2. ^ Hirsh, Michael; Barry, John and Dehghanpisheh, Babak. "'Hillbilly Armor': Defense sees it's fallen short in securing the troops. The grunts already knew," Newsweek, December 20, 2004.
  3. ^ a b Moran, Michael. "Frantically, the Army tries to armor Humvees: Soft-skinned workhorses turning into death traps," MSNBC, April 15, 2004.
  4. ^ a b c Livesey, Jack (2007). Armoured Fighting Vehicles of World Wars I and II. Southwater. pp. 12–13. ISBN 978-1-84476-370-2.
  5. ^ Band of Brigands p 59
  6. ^ Forty, George (1995). World War Two Tanks. Osprey. p. 9. ISBN 1-85532-532-2.
  7. ^ Livesey, Jack (2007). Armoured Fighting Vehicles of World Wars I and II. Southwater. p. 71. ISBN 978-1-84476-370-2.
  8. ^ Nachrichtenblatt der Panzertruppen No. 14, August 1944. Berlin : Generalinspekteur der Panzertruppen, 1944. 40 p. Nachrichtenblatt der Panzertruppen No. 15, September 1944. Berlin : Generalinspekteur der Panzertruppen, 1944. 30 p.Reisebericht über die Teilnahme an der Rüstungsbesprechung und Rücksprache beim P.A. 1944. 6 p. General der Artillerie Nr. 240/44 g.Kdos.
  9. ^ Nachrichtenblatt der Panzertruppen No. 14, August 1944. Berlin : Generalinspekteur der Panzertruppen, 1944. 40 p. Nachrichtenblatt der Panzertruppen No. 15, September 1944. Berlin : Generalinspekteur der Panzertruppen, 1944. 30 p. Reisebericht über die Teilnahme an der Rüstungsbesprechung und Rücksprache beim P.A. 1944. 6 p. General der Artillerie Nr. 240/44 g.Kdos.
  10. ^ Nachrichtenblatt der Panzertruppen No. 14, August 1944. Berlin : Generalinspekteur der Panzertruppen, 1944. 40 p. Nachrichtenblatt der Panzertruppen No. 15, September 1944. Berlin : Generalinspekteur der Panzertruppen, 1944. 30 p. Reisebericht über die Teilnahme an der Rüstungsbesprechung und Rücksprache beim P.A. 1944. 6 p. General der Artillerie Nr. 240/44 g.Kdos.
  11. ^ Jorgensen, Christer; Chris Mann (2001). Tank Warfare The Illustrated History of the Tank at War 1914-2000. Amber Books Ltd. p. 87. ISBN 1-86227-135-6.
  12. ^ General Sir Michael Jackson. Operation Banner: An Analysis of Military Operations in Northern Ireland (2006), MoD, Army Code 71842. Chapter 2, p. 16, item 247.
  13. ^ a b "Bush: Soldiers' equipment gripes heard: To colleagues' cheers, soldier complained about armor to Rumsfeld," MSNBC, December 9, 2004.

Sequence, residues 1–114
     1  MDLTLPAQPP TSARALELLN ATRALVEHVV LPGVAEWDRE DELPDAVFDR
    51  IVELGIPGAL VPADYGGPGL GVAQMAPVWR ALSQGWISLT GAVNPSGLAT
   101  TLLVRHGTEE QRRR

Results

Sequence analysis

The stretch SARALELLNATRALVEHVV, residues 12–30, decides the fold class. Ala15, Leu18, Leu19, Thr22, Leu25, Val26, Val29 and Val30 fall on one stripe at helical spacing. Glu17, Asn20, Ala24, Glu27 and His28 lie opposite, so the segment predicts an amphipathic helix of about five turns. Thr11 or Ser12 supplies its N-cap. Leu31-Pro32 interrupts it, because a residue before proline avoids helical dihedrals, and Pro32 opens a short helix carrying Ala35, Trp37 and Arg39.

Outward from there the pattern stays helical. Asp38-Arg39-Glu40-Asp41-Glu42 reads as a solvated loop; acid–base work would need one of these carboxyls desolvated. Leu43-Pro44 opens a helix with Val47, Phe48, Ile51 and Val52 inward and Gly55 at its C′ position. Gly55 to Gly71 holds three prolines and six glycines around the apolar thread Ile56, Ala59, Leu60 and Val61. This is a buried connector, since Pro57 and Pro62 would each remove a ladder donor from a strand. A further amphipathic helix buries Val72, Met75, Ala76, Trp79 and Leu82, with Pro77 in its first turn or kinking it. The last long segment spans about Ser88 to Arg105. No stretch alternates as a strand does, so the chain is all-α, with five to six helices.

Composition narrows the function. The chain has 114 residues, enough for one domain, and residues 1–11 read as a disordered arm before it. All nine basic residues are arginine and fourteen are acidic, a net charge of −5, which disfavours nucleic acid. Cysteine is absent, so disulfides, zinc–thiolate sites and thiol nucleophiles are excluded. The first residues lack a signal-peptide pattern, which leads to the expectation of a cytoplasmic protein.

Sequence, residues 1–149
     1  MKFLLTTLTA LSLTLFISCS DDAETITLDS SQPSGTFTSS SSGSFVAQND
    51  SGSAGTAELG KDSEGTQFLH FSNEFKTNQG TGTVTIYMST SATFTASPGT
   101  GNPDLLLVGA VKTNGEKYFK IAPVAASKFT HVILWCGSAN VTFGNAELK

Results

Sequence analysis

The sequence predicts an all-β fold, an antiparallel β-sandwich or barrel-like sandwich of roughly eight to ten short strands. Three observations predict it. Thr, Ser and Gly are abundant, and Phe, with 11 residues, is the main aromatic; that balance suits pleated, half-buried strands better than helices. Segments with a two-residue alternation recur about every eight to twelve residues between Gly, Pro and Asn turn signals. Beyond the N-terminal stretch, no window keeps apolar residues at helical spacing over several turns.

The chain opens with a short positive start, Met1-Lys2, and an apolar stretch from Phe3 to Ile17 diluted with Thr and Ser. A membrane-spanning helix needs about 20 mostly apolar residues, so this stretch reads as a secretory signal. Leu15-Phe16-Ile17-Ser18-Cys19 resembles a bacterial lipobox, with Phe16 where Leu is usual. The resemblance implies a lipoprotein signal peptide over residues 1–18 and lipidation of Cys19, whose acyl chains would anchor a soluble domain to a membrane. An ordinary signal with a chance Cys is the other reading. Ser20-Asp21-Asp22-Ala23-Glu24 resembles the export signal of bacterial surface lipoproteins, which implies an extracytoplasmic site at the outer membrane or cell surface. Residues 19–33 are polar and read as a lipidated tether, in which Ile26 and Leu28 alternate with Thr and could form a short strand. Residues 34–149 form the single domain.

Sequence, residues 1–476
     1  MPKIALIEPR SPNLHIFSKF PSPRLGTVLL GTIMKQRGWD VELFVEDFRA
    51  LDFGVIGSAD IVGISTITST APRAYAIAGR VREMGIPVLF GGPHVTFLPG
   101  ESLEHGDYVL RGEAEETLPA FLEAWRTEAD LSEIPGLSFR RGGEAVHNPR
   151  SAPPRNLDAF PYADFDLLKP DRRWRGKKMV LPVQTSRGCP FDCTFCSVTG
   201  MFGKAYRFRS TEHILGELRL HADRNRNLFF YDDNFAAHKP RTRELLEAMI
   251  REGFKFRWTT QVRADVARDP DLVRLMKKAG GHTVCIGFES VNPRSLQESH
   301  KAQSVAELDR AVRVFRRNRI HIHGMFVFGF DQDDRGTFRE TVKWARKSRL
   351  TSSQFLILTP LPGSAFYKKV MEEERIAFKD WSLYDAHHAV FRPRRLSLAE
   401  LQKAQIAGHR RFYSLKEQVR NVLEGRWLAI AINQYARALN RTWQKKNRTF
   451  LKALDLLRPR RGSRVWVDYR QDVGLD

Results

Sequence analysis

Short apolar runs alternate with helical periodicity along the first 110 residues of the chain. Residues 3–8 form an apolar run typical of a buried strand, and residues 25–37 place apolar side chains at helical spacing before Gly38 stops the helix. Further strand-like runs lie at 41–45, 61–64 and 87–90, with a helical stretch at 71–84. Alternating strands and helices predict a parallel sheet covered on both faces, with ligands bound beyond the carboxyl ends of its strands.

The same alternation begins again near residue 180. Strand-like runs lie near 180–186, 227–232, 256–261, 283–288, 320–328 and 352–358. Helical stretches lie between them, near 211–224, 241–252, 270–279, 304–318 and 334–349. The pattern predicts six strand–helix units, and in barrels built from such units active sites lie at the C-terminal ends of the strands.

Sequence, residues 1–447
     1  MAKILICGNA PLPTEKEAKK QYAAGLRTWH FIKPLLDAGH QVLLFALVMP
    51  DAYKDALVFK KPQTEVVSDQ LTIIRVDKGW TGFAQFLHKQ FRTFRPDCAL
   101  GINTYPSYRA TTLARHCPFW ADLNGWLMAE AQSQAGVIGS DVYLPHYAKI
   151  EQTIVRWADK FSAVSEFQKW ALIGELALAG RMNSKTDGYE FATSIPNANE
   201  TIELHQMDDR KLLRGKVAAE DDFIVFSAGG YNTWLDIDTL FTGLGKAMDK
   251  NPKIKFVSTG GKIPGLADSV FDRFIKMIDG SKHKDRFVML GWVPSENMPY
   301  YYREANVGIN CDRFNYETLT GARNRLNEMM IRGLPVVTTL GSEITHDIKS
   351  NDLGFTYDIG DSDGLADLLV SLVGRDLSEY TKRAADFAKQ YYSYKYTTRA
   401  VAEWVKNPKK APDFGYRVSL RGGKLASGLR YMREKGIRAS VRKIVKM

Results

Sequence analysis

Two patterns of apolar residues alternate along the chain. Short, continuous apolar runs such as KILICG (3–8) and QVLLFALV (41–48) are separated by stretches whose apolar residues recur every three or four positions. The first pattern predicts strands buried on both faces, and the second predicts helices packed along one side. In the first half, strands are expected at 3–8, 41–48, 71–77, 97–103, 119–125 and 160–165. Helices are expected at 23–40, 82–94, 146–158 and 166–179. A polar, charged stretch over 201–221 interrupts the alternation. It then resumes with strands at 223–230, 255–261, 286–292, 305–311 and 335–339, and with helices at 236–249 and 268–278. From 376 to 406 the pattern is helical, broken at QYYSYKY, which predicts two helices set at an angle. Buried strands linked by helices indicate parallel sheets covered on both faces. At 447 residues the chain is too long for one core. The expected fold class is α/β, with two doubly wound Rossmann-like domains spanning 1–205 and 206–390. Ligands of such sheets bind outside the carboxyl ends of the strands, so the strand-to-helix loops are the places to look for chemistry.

14. ^ Currey, Richard. "Waiting For Justice: The Saga of Army Lt. Julian Goodrum, PTSD, Hillbilly Armor, and Whistle-Blowing," Archived 2008-11-28 at the Wayback Machine The VVA Veteran, March, 2006.
  15. ^ a b "Special Defense Department Briefing on Uparmoring HMMWV," U.S. Department of Defense, Office of the Assistant Secretary of Defense (Public Affairs), News Transcript, December 15, 2004.
  16. ^ Hunter, Duncan. "Military is Functioning Well in Iraq," The San Diego Union Tribune, February 17, 2006.
  17. ^ Crum, R. USMC Maj. "New Marine Armor Kit to Upgrade 'Hummers'," Transformation, December 2, 2004.
  18. ^ Burns, Robert. "Soldiers criticize lack of armor," Associated Press, December 9, 2004.
  19. ^ "Rumsfeld Responds to U.S. Soldier's Grilling: Defense Secretary Donald Rumsfeld Tries to Quell the Firestorm Over the 'Hillbilly Armor' Issue," ABC News, December 9, 2004.
  20. ^ Sonnenfeldt, Helmut and Nessen, Rob. "You Go to War with the Press You Have," Washington Times, December 30, 2004.
  21. ^ It was widely reported that Wilson was "asked" to make the inquiry by Pitts or somehow "pressured" by him. Tom Griscom, executive editor of the Times Free Press, wrote the following in a December 10, 2004 editor's note: "Questions have been raised as to whether Mr. Pitts used the soldier or put words in his mouth. While Mr. Pitts states that he discussed the armor question with the soldiers, Spc. Wilson chose to ask the question."
  22. ^ "Reporter planted GI's question for Rumsfeld: Says issue of unarmored vehicles wasn't being covered," CNN, December 10, 2004.
  23. ^ Pitts, Lee. Email from Pitts to colleagues, December 8, 2004 Archived June 18, 2008, at the Wayback Machine, posted on Poynter Institute website by Jim Romenesko, December 9, 2004.
  24. ^ "Soldiers Must Rely on 'Hillbilly Armor' for Protection: Troops Scavenge Scrap Metal to Protect Combat Vehicles," ABC News, December 8, 2004.
  25. ^ Schmitt, Eric. "U.S. defense chief taken aback by pointed questions," The New York Times, December 9, 2004.
  26. ^ "U.S. to boost armored Humvee output: Pentagon ups order after soldier's question causes stir," NBC News, December 10, 2004.
  27. ^ "Meehan Calls for Ramped Up Armoring of Vehicles," Archived 2007-05-03 at the Wayback Machine Congressman Martin T. Meehan (MA05), news release, December 10, 2004.
  28. ^ Kristol, William. "The Defense Secretary We Have," Washington Post, December 15, 2004.
  29. ^ Costello, Tom. "Lack of armor sign of the times in Iraq," MSNBC, December 9, 2004.
  30. ^ N.R. Jenzen-Jones; Jonathan Ferguson (18 November 2014). Raising Red Flags: An Examination of Arms & Munitions in the Ongoing Conflict in Ukraine. Armament Research Services Pty. Ltd. ISBN 978-0-9924624-3-7.
    Full PDF on
  31. ^ "Ukrainian 'Fortress On Wheels'". Retrieved 14 November 2017 – via
  32. ^ "New improvised armoured fighting vehicle design in Ukraine – Armament Research Services". Retrieved 14 November 2017.
  33. ^ "Ukrainian Defense Industry in the «Hybrid War» with Russia". Retrieved 14 November 2017.
  34. ^ Saner, Emine (30 September 2014). "Battlefield DIY – the homemade armoured vehicles fighting Isis". Retrieved 14 November 2017 – via
  35. ^ Vocativ (1 October 2014). "DIY Tank Used in Fight Against ISIS". Retrieved 14 November 2017 – via YouTube.
  36. ^
  37. ^
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  40. ^
  41. ^ Cave, Damien (7 June 2011). "Monster Trucks on the Road, From Gangs in Mexico". The New York Times. Retrieved 17 January 2012.
  42. ^ "Crews Begin Dismantling Granby Bulldozer". KMGH-TV. April 15, 2005. Archived from the original on March 15, 2012. Retrieved June 27, 2006.
  43. ^ "Man who bulldozed through Colo. town is dead". NBC News. June 5, 2004. Retrieved August 31, 2006.

External linksEdit